Metacognitive Therapy (MCT)

Metacognitive Therapy (MCT), is a form of cognitive-behavioral therapy first developed by Adrian Wells. MCT is founded on the belief that a lot of psychological distress results from how a person responds to negative thoughts and beliefs, rather than the content of those thoughts. MCT is evidence-based and can be used to effectively treat a variety of mental health issues, including anxiety, obsessive–compulsive disorder, posttraumatic stress disorder, and depression. The goal of MCT is to first discover what patients believe about their own thoughts and about how their mind works, then to show the patient how these beliefs lead to unhelpful responses to thoughts that serve to unintentionally prolong or worsen symptoms, and finally to provide alternative ways of responding to thoughts in order to allow a reduction of symptoms. Think this approach might be right for you? Reach out to one of TherapyDen’s Metacognitive Therapy experts today.

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Psychoeducation and strengths-based techniques can help clients help themselves. Understanding your own patterns and working on creating new ones, by using our mind's ability to create new pathways is using neuroplasticity to make lasting changes in your life.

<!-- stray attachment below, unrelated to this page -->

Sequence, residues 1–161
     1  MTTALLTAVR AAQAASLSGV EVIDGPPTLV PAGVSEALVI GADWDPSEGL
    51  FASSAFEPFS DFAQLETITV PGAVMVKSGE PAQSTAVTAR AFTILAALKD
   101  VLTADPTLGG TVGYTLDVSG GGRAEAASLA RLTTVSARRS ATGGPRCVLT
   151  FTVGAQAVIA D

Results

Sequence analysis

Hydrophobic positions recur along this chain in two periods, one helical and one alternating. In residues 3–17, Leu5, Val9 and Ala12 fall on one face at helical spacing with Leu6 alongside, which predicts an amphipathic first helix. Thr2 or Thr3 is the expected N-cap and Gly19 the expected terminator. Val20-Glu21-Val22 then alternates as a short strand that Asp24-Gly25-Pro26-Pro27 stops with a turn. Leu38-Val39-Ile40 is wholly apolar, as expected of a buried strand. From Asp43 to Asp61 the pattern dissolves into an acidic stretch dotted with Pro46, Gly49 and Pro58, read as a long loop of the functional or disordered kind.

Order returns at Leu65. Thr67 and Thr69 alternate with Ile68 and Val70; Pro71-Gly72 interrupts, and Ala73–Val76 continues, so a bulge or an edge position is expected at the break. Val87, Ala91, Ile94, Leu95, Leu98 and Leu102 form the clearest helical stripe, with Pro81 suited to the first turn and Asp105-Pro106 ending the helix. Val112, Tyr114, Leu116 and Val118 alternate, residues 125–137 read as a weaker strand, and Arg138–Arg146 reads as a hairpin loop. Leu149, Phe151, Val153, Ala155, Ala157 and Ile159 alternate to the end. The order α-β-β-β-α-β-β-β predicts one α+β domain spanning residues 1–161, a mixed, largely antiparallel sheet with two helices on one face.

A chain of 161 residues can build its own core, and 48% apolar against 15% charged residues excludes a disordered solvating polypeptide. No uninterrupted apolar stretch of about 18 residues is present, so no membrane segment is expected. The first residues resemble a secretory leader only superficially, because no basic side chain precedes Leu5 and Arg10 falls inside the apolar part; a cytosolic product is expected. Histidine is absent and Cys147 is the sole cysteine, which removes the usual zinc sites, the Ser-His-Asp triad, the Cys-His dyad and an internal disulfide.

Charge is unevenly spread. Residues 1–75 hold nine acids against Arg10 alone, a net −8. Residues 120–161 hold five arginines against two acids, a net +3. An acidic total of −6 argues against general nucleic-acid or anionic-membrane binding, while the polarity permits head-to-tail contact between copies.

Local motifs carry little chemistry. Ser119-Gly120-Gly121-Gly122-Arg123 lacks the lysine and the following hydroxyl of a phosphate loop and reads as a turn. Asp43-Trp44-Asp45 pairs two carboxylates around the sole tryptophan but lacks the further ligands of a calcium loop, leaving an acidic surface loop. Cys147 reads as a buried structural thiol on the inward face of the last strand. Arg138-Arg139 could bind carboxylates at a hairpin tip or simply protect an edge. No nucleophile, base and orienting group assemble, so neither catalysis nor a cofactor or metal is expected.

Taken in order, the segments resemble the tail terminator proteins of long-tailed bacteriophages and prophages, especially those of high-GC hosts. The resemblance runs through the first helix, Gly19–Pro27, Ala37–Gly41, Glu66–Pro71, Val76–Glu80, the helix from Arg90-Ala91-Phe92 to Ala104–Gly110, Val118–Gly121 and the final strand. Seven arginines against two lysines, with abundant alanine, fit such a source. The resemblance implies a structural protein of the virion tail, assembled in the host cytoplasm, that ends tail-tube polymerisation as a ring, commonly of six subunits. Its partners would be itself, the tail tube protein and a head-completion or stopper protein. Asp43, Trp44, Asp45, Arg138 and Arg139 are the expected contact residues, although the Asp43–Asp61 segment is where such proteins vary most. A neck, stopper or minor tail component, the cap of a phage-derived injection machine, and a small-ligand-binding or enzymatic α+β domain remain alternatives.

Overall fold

— Molly Gales, Licensed Marriage & Family Therapist in Berkeley, CA

With a wealth of expertise in metacognitive therapy, I bring a unique skill set rooted in this transformative approach. Metacognitive therapy focuses on developing individuals' awareness and understanding of their thinking processes, allowing them to gain insight into how their thoughts impact their emotions and behaviors. Through specialized training and practical application, I have honed my ability to guide individuals in identifying and challenging unhelpful cognitive patterns.

— Richard Banton, Clinical Social Worker in Rocky Hill, CT
 

A part of this approach that I use most frequently is teaching clients ways to think about what they think about. Many of my clients are amazed that they don't stop and actually think about their beliefs/values. When you externalize this internal process and challenge it, you begin to reduce the internal chatter that often creates cycles of worry, self-loathing, and other internal blockage that distracts you from becoming your best self.

— Gabriel Jones, Licensed Marriage & Family Therapist

I am trained in Metacognitive Therapy for individuals in psychosis and for those with anxiety.

— Sabrina Carboni, Educational Psychologist